Understanding Boards Building Connections: Community Leadership Program.
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Presentation on theme: "Understanding Boards Building Connections: Community Leadership Program."— Presentation transcript:
Understanding Boards Building Connections: Community Leadership Program
Sieverdes and Hardwick Our population demographics are changing and the pace of social change is increasing Everyone demands accountability. Our … organization boards must change to reflect these local interests and concerns. It is important that board members share a similar concept of the organization’s vision and dream, how it plans to accomplish that dream and how it will reach defined goals effectively.
Objectives Develop knowledge of trends affecting boards and their management Be able to develop and assess organizational plans Learn about ways to structure board activity Become aware of ways to assess board effectiveness
Drivers of Change in Boards Generational and Demographic Trends Governance Trends Operation and Liability Trends Finances and Fund-raising Trends Ethics, Image, and Public Relations Trends Specialization and Collaboration Trends Technology and Data Management Trends
Generational and Demographic Trends: The Potential of Generation-X for Boards Gen-X members are engaged in a wide variety of activities with a short attention span. Gen-X focus on entrepreneurship that includes few constraints. Gen-X shows greater acceptance of diversity and improved racial and ethnic relations
Drivers of Change in Boards Governance: Boards are focusing less on show-and-tell reports about programs during meetings and more on action- oriented discussions. Operation and Liability: Boards are getting smaller. This increases the level of individual responsibility and impact.
Drivers of Change in Boards Finances and Fund Raising : Strengths and commitments of board members are changing from respected families, key personalities and traditional community leaders to business and political and individuals with the financial means or the ability to direct financial support to the organization’s programs. Ethics, Image and Public Relations : Boards are moving from an internal board-oriented focus to external relationships, from informal to formal relations and structures.
Drivers of Change in Boards Specialization and Collaboration: Boards are moving from stand-alone models to collaborative relationships as the focus become more client- oriented. This clarifies special functions, roles and niches in the provision of services. It also addresses overlapping interests. Technology and Data Management: Boards are relying more on electronic mail and conference calls to communicate, disseminate and exchange information for decision-making, reports and agenda items.
Board Planning Keep Plans Simple!! The Urge Is to Make Plans Complicated FIGHT THE URGE!!
Board Planning: Key Guidelines Set broad policy directions based on the values and goals of the organization Analyze global, national, and regional trends that affect the organization. Identify local strengths and opportunities, particularly in relation to other organizations. Select a few key issues.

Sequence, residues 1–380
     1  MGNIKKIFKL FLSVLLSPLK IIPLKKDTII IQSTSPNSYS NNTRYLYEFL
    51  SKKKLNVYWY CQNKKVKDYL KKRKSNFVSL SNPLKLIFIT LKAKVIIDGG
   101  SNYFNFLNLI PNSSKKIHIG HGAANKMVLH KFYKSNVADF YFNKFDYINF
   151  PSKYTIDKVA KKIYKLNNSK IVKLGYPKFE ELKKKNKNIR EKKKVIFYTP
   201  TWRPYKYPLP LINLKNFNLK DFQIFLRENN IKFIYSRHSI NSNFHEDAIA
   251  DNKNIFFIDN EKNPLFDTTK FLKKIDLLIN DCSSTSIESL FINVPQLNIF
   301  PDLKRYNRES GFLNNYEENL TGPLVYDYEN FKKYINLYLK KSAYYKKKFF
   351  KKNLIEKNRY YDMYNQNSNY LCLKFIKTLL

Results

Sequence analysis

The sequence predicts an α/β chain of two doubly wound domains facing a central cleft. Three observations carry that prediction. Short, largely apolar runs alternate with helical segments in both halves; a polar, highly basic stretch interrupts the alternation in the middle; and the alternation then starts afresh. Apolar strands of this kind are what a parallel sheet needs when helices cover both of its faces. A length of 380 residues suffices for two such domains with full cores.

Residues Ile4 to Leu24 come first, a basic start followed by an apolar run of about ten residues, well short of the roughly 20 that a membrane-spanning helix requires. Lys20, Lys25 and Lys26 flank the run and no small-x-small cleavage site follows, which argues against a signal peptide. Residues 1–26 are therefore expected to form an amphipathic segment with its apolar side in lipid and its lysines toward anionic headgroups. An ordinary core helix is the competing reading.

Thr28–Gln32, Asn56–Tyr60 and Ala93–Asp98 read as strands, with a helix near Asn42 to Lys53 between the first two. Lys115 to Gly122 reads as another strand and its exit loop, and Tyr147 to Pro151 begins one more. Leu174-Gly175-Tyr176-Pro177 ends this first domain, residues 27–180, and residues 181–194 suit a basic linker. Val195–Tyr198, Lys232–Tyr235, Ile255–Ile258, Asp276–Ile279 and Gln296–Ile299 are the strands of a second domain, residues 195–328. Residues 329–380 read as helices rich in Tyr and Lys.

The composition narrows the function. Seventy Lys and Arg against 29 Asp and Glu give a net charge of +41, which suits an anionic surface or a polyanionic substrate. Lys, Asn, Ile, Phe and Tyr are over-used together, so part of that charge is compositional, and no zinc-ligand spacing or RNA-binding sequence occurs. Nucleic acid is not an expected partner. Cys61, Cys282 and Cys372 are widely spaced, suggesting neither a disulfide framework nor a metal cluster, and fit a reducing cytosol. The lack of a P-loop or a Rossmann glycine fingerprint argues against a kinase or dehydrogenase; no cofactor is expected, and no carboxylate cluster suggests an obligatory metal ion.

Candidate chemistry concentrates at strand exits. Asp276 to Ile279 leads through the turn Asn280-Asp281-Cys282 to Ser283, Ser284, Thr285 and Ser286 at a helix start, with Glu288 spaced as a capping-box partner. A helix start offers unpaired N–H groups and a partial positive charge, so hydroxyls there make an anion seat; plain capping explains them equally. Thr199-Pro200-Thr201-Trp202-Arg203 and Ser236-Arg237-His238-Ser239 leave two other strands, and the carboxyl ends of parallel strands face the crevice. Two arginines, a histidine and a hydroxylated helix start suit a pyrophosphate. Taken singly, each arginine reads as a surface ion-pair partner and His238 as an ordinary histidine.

Board Planning: Key Guidelines Conduct further analysis of external and internal factors Develop goals, objectives and strategies Develop a plan of action. Evaluate, modify, and update the plan.
Structuring Board Activity: Size and Tenure Board Size Policy Suggestions Public Boards are most effective with 5 to 7 members and Nonprofit Organization Boards are most effective with 8 to 12 members, but there is no magical number. Suggested Policies Regarding Tenure Proposed length of a single term is three years. Proposed number of allowable consecutive terms is two terms.
Structuring Board Activity: Governing More and Managing Less Develop a strategic plan and adhere to it. Link the current agenda to the strategic agenda. Monitor the success of the organization’s initiatives. Develop clear expectations and a plan of action for the board of directors. Direct the executive director to prepare strategically.
Structuring Board Activity: Governing More and Managing Less Structure meetings to direct the board’s attention to matters of policy and strategy. Develop and use a consent agenda. Determine priorities and organize the agenda accordingly. Assess the performance of the board on a regular basis.
Assessing Effectiveness: How to Know Board Membership Works Devote time, attention, and consistent effort to board recruitment and retention. Be honest in discussing the issues. Build relationships that foster trust Look for skills as well as attributes in prospective board members. Engage new board members in meaningful activities based on their skills, talents, and interests. Follow sound development practices to create a positive working climate for all board members.
Assessing Effectiveness: How to Know the Board Works Legal Responsibility –Recognize the board’s legal responsibility to the organization and constituents. –Uphold the public trust. –Plan, manage and take steps to reduce risk to the organization, its personnel, and its constituents.
Assessing Effectiveness: How to Know the Board Works Fiduciary Responsibility and Financial Management –Understand the board’s fiduciary responsibility. –Maintain a financially sustainable organization. –Maintain financial assets in compliance with legal codes.
Assessing Effectiveness: How to Know the Board Works Policy Formation and Planning –Focus the board’s attention on issues that matter most to the organization in the short-term and long- term. Focus time and attention on issues important to stakeholders and constituents. –Ensure that the board has the appropriate information needed to make informed decisions about key issues in a timely manner. –Has the confidence to take risks or allow risks to be taken by staff.